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10 Tips for More Affordable In-Home Care

by Steve Brooks, WeCare Home Assistants
According to a 2009 study by Genworth Financial, the median annual cost in the San Francisco Bay Area for in-home non-medical services is $52,624, based on 44 hours per week. The cost from a Medicare-certified (home health) agency would be $217,360 and the cost of a private room in a nursing home would be $102,018.

People are often alarmed about the cost of in-home services today and wonder how they can possibly afford it. There ARE alternatives out there to help. First, it pays to have an agency handle the caregiver employment, no matter what the source of payment. Whether it’s a two-hour shift or 24/7 live-in care, a full-service agency provides several advantages that you won’t get from hiring directly or a referral agency…for not that much more. For one thing, a full-service agency provides a pool of caregivers to select from because chemistry is so important in personal care, and there’s a ready back-up should a caregiver call in sick or need time off.

Then there’s the employment issue. As a responsible corporate citizen, a reputable agency won’t pay “under the table” and will contribute towards the employees’ federal and state taxes and Social Security. In order to retain the best employees and their families, the agency will also provide employee benefits like medical insurance and paid time off. Reputable agencies also provide Workers Compensation insurance so the client won’t have the financial risk should a caregiver get injured on the job, and bonding insurance to cover caregiver theft and fraud (which rarely happens when an agency performs criminal background checks on its employees). All this takes money, of course, and different agencies have their own way to compensate for it, so be sure to ask what the starting rates are, and whether the above features are in place.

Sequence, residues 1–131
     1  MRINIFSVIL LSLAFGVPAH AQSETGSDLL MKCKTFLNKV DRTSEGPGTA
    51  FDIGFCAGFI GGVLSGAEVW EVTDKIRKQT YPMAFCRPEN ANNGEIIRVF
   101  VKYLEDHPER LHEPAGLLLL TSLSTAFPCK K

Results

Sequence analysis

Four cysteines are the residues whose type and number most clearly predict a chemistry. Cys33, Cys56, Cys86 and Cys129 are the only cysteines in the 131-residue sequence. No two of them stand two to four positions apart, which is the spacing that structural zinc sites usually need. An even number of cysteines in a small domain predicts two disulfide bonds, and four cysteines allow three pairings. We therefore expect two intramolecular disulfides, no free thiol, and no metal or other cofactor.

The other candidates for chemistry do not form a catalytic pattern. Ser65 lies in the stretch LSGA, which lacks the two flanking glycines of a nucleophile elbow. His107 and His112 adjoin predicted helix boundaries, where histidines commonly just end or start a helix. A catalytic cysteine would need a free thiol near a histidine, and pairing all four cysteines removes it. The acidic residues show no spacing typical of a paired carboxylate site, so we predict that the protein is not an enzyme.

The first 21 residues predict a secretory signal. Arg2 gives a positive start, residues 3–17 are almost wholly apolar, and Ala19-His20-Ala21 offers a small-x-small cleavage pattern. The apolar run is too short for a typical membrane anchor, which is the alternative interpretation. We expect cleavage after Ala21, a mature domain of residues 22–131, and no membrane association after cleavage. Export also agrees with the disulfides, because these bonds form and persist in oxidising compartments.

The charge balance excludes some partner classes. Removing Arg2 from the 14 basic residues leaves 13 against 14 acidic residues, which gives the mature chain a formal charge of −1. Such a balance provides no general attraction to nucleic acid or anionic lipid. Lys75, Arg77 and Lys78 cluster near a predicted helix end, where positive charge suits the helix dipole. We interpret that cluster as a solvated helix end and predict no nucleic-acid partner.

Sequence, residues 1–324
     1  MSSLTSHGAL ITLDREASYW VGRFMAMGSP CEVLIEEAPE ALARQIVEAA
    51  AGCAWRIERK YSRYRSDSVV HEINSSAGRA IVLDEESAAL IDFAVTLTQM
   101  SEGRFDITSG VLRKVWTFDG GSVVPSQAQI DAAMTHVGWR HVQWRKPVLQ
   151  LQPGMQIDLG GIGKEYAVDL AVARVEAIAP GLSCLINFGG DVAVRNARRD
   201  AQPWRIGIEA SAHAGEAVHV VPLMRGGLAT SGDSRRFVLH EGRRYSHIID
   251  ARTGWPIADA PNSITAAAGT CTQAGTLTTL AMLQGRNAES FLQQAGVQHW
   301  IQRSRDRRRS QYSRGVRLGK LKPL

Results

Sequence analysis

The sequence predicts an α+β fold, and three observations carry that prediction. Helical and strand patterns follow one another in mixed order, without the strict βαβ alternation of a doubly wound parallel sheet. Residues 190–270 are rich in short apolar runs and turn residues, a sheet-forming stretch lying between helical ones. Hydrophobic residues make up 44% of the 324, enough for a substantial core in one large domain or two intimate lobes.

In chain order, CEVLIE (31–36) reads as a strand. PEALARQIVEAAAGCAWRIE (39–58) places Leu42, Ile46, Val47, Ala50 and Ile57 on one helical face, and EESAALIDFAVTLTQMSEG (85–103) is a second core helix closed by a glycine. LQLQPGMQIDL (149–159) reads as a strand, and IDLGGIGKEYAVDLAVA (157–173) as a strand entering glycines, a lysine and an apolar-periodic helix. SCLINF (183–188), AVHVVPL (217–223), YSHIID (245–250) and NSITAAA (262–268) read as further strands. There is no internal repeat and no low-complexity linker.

Even though hiring a caregiving agency can be cheaper than placing someone into a nursing home, sometimes the money still isn’t available. Medicare doesn’t cover non-medical care and Long-Term Care insurance may not be in place, so what is a family to do in today’s economy? Here’s a list of solutions for you to consider:

1) Negotiate the rate. An agency can often find better ways to suit your budget. For instance, caregivers are sometimes willing to accept less pay which would translate into a lower fee.

2) Sometimes a cutback in hours can provide an almost-equal level of care. Avoid agencies that continually “suggest” that more hours are needed.

3) Talk to your doctor. Sometimes they know of less expensive resources for non-medical care.

4) Call your place of worship. The office sometimes knows volunteers willing to help seniors in the community.

5) Ask family and friends. Maybe someone is available for a couple hours a week to help out.

6) Visit your local senior center. Workers there can be a wealth of information on senior care.

7) Seek out government resources. Agencies like In-Home Support Services (IHSS) can provide funds to pay for, or at least supplement, non-medical caregiving services.

8) Seek out non-profit resources. For instance, Family Caregiver Alliance (www.caregiver.org) provides grants to those needing respite (family caregiver relief) care.

9) If medical care AND personal care is needed, have two different agencies handle the needs in order to save costs.

10) Consider the available assets. Some seniors have considerable equity in their home, for instance, and reverse mortgage have benefited many. Consult with your local banker to find out more.

In the end, though, a reliable and cheerful caregiver can be worth every penny.